PNG Ag. Resources

 

 

 

Livestock Sector 

Livestock contributes 13 per cent of the total domestic food production. Despite an abundance of natural resources suitable for livestock production and enviable low disease risk status, livestock production has not increased significantly in the recent past. On the hand, meat consumption is increasing steadily and is predicted to increase at a conservative rate of 5 per cent per annum. The cost of imported livestock products has increased over the last five years, and at present exceeds K130 million per annum.

The estimated per capita consumption of meat in PNG is 21 kg (compared to 40 kg in the Philippines and 115 kg in Australia), and has not changed since 1990.

 

Back   Beef
The beef cattle industry has proved its presence for over forty years, but is facing difficulties to maintain sustainable growth despite the existence of favorable natural environment in many parts of the country and no major disease problems.

The industry is based on large-scale ranching and smallholder cattle production. The size of the national herd increased from 1950s and peaked in 1976 to around 153 000 head with more than 1000 smallholder cattle farms holding 50,000, the rest were on large properties. At present there are 28 large properties with an estimated 65 000 head and another 18,000 on 550 smallholder cattle farms. The decline in cattle numbers is attributed to:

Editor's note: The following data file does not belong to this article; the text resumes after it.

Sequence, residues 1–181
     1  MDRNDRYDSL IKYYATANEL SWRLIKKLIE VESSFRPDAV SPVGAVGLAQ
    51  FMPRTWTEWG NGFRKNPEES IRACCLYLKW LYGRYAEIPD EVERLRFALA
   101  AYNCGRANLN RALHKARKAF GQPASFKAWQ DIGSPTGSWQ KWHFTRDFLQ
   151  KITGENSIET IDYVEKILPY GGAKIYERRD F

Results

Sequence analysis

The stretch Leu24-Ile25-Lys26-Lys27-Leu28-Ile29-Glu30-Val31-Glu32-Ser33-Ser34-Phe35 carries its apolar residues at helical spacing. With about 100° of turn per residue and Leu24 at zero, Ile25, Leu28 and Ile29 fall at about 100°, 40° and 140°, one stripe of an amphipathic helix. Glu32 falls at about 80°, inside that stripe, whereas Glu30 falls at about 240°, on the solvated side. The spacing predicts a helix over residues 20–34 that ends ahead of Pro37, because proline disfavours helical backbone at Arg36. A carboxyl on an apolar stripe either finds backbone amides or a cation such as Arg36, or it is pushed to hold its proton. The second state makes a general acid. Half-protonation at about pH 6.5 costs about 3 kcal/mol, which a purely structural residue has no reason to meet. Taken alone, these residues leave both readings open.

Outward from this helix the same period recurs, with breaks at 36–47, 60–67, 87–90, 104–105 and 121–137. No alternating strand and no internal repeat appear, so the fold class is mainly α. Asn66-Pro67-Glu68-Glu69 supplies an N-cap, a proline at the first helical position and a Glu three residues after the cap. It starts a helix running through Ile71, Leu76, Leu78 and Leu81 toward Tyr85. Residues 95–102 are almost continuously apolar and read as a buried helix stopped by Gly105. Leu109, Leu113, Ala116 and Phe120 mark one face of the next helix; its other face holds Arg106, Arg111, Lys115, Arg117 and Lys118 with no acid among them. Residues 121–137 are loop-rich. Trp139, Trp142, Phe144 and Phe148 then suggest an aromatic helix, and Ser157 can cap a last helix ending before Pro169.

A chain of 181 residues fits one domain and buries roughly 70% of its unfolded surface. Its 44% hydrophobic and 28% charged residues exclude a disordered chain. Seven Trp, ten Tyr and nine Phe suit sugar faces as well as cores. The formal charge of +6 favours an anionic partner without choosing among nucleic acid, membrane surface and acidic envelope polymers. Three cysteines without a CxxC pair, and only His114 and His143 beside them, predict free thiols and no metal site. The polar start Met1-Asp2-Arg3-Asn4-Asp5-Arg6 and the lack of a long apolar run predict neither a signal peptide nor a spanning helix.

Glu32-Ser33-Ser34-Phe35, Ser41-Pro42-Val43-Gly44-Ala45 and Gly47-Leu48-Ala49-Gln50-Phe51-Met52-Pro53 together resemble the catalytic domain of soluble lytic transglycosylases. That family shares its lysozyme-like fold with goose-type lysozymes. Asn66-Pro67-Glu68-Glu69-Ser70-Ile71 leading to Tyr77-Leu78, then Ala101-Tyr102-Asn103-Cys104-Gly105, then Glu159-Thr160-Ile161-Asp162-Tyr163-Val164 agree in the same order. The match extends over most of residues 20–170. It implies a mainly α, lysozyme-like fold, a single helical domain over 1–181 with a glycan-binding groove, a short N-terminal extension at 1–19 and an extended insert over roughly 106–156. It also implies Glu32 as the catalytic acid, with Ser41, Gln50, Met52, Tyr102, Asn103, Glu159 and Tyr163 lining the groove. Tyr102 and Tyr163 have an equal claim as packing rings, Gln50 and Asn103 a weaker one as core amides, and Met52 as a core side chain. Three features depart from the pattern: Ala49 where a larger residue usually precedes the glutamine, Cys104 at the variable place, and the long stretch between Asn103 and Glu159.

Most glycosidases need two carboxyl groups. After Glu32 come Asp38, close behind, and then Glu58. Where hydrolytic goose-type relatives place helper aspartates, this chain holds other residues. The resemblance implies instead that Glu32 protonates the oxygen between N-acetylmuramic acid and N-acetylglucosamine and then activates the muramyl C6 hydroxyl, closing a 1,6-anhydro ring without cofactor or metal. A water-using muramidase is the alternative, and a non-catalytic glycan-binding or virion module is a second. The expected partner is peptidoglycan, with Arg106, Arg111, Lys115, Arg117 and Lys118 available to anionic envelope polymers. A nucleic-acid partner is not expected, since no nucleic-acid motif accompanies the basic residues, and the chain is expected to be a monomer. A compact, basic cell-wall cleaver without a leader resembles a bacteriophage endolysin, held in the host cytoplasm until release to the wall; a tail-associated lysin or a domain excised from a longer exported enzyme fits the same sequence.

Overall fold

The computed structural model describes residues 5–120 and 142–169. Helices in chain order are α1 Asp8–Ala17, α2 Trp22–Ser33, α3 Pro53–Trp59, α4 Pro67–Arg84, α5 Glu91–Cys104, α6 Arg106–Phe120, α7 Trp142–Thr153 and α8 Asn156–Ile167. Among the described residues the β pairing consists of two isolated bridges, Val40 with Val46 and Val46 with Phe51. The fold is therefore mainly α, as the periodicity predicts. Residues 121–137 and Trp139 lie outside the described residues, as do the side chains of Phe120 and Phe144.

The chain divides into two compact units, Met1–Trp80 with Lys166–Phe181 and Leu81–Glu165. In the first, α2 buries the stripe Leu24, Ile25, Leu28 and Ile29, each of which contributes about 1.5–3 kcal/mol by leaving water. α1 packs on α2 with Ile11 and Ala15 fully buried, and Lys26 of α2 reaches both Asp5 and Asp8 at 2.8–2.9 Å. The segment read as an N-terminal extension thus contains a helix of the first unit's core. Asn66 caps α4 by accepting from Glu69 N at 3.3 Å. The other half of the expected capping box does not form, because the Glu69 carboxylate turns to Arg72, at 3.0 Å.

• Poor skills in animal and pasture management.

  • Withdrawal of services, particularly extension support to smallholders.

  • Land ownership disputes due to uncertainty of land tenure.

  • Lark of suitable credit facilities, and

  • Increasing law and order problems.

Reports indicate low herd fertility (50 - 60%) and calf survival percentages are low (about 50 - 60%). Losses also arise from wild dogs being a major problem. Average growth rates and time to reach slaughter weight are long. Annual beef production has been virtually static around 2000 tonnes, but in recent years production has increased slightly through higher turn off and higher carcass weights and is estimated at about 2,800 tonnes. The annual importation of beef is around 13000 tonnes with the canneries accounting for 70 per cent of the imported beef.

Policy:
The Government will continue to maintain an appropriate beef industry production and protection policy, to ensure that, the local beef producers are not unduly affected by foreign market forces and the local beef market imperfections.


Back     Pork